A friend of mine, now well into her second pregnancy, was recently complaining to me about her inability to eat regular meals because of her constant indigestion and nausea. Medically, her doctor said she was perfectly fine and that the nausea was just a normal symptom as long as she could eat her usual three meals per day. However, she was unsatisfied with the diagnosis because though she technically could eat regularly, it was far from enjoyable. Sometimes, indigestion after a meal was downright uncomfortable. I looked into her problem and found a solution that most doctors probably don’t think to recommend. Nutrition is obviously a very important part of a healthy pregnancy, but it doesn’t necessarily mean that you need to eat three solid meals per day to get the nutrients your body craves. If you’re having trouble eating full meals, talk to your doctor about a new plan that includes more frequent, smaller meals.

Studies show that opting for a diet that consists of smaller meals throughout the day during your pregnancy is perfectly safe and a great way to combat nausea. Especially in your third trimester, you’ll notice that you have a lot less room in your stomach for big meals. If you eat as you did before your pregnancy, you’ll find yourself getting full a lot faster because your baby is pushing against your stomach. To consume the appropriate amount of nutrients while also compensating for your smaller tummy, eat frequent, small meals. Six small meals throughout the day is a safe and healthy alternative to the normal three-meal-per-day diet that most pregnant women naturally adopt. In fact, it will also help you control your weight better by keeping your metabolism going through the day. You should also try healthy snacks whenever you feel hungry so that your digestive patterns are more regular.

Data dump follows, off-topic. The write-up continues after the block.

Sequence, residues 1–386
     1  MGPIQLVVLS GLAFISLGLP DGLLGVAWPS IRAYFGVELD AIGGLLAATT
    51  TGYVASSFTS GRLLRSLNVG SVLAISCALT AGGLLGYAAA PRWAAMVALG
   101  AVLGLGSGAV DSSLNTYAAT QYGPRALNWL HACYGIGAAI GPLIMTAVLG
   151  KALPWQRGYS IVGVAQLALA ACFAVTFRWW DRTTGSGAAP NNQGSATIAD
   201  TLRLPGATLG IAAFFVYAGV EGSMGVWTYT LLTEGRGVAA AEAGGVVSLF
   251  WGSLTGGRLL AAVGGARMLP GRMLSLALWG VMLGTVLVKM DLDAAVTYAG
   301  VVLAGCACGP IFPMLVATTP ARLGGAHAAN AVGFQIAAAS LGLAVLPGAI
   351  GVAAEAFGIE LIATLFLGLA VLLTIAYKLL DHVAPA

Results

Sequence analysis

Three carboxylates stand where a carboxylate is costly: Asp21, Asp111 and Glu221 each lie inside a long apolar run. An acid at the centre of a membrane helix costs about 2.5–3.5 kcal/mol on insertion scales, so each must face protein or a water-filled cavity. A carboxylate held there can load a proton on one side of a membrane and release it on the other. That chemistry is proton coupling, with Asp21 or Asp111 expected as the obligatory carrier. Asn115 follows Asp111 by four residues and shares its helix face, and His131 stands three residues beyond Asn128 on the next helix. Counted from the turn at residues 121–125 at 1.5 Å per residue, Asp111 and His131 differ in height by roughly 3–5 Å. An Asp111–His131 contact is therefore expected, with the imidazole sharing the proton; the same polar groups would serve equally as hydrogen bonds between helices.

By eating small and healthy meals frequently throughout the day, you can help your body combat feelings of indigestion, nausea, heartburn and even food aversions. Large meals are fine when your digestive system is working normally, but pregnancy will offset the delicate balance and all foods will be harder to digest. Many women think that they have to stick to the usual three-meal diet accepted by society, but switching it up might make your pregnancy much more bearable by keeping you from getting nauseous every time you finish an enormous meal.

Source: Jennifer Niebyl: Nausea and Vomiting in Pregnancy. The New England Journal of Medicine Volume 363 pp. 1544-1550 October 2010

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